The HIFI spectra indicate that the bulk of water is confined to pressures lower than 2 millibars, corresponding to high stratospheric altitudes – well above the uppermost part of the troposphere. The troposphere lies below the stratosphere, in Jupiter's lower atmosphere, and its uppermost layer can be regarded as the visible planetary 'surface'. This part of the troposphere is also referred to as the 'cold trap' because it prevents water vapour from below to rise into the stratosphere, where it would condense into ice due to the low temperatures. For this reason, any trace of water in the stratosphere must have been delivered from an external source. Furthermore, the absence of water in the lower stratosphere pinpoints the origin of this water to a sporadic event: had it been brought by interplanetary dust particles, it would have had more time to be redistributed throughout the stratosphere and its vertical distribution would have extended to much lower altitudes.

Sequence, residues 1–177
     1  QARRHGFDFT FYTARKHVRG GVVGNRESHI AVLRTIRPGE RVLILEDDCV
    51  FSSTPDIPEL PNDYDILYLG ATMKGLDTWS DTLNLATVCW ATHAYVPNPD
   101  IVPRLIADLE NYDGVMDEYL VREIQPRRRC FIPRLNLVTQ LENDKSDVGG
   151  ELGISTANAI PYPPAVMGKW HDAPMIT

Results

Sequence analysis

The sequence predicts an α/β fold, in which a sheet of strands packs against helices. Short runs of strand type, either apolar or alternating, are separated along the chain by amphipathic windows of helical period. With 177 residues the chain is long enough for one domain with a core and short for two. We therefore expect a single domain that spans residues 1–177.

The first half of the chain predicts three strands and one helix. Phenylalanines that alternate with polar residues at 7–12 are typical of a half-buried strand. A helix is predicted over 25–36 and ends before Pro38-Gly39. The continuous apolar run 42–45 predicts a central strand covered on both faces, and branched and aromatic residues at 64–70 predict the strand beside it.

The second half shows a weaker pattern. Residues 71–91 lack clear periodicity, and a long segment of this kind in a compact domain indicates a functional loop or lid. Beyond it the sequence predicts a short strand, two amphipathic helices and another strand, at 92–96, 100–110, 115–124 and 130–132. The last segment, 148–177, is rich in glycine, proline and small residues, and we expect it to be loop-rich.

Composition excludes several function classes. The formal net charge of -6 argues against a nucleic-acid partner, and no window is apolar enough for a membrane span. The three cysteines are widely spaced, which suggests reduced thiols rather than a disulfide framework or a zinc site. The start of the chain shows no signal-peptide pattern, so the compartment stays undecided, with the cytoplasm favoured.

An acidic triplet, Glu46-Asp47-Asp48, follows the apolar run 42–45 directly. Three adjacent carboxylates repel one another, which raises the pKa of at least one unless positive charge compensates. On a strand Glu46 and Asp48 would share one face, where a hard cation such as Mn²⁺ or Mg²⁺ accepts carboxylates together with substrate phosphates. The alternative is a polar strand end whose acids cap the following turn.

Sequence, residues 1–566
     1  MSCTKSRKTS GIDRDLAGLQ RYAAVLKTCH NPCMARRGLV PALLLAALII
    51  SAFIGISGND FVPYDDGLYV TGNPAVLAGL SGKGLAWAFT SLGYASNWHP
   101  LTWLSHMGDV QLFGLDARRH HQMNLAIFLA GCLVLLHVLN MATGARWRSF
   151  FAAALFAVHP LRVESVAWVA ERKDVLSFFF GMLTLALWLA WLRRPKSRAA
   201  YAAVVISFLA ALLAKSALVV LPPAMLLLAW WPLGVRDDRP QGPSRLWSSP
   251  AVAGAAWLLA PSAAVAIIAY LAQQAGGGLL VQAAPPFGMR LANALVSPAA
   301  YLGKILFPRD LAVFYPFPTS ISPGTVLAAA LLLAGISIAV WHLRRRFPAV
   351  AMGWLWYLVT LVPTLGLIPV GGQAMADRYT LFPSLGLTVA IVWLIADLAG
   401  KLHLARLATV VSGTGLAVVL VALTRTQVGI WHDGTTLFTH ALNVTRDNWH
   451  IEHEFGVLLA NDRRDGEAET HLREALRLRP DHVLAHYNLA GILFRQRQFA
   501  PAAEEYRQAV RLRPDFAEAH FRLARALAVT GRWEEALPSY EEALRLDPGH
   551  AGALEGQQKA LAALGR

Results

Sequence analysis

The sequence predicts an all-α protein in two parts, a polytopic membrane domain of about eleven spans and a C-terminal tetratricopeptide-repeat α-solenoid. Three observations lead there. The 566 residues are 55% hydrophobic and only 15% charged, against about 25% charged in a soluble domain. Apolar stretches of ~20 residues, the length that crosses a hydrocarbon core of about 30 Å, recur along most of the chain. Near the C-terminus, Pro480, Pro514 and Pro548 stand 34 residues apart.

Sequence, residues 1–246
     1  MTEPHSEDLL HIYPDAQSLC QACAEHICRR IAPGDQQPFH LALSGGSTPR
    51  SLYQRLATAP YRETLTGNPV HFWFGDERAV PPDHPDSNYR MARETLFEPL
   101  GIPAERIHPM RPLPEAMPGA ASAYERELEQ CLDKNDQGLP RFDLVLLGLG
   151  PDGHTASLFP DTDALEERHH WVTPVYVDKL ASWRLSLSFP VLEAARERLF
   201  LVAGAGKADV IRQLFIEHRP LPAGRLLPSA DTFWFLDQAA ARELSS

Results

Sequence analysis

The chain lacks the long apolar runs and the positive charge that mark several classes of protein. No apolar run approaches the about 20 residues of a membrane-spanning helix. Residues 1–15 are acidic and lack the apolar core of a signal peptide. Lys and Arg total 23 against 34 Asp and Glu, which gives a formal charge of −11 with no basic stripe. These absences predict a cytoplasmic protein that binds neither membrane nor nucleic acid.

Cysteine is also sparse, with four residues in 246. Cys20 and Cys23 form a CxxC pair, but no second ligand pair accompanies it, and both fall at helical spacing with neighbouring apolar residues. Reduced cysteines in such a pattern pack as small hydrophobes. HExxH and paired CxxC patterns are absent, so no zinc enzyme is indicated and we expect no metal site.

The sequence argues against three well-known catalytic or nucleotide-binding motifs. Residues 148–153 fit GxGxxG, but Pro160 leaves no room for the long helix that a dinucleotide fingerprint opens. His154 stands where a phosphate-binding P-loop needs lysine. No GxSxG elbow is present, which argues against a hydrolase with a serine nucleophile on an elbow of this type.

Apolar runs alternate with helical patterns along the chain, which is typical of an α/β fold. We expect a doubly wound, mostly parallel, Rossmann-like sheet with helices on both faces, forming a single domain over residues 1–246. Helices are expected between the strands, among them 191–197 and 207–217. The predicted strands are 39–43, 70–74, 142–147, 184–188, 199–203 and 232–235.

The results do not exclude that interplanetary dust particles, icy rings and satellites or other cometary impacts may have brought water to Jupiter's stratosphere, but only in marginal amounts compared to that supplied by the 1994 impact.

"As the bulk of water we see in Jupiter's stratosphere was delivered at a single time in the past, we expect its content to slowly decline over the years, and we plan to keep monitoring Jupiter with the Swedish-led Odin spacecraft to study this decrement," says Cavalié.

Significant amounts of water will still be present in the planet's stratosphere by the 2030s, when ESA's Jupiter Icy moons Explorer (JUICE) mission will reach the Jovian system. Among other goals, the mission's Sub-millimetre Wave Instrument (SWI) will target a variety of molecules – including water – as tracers to study the circulation, winds and other phenomena in Jupiter's atmosphere.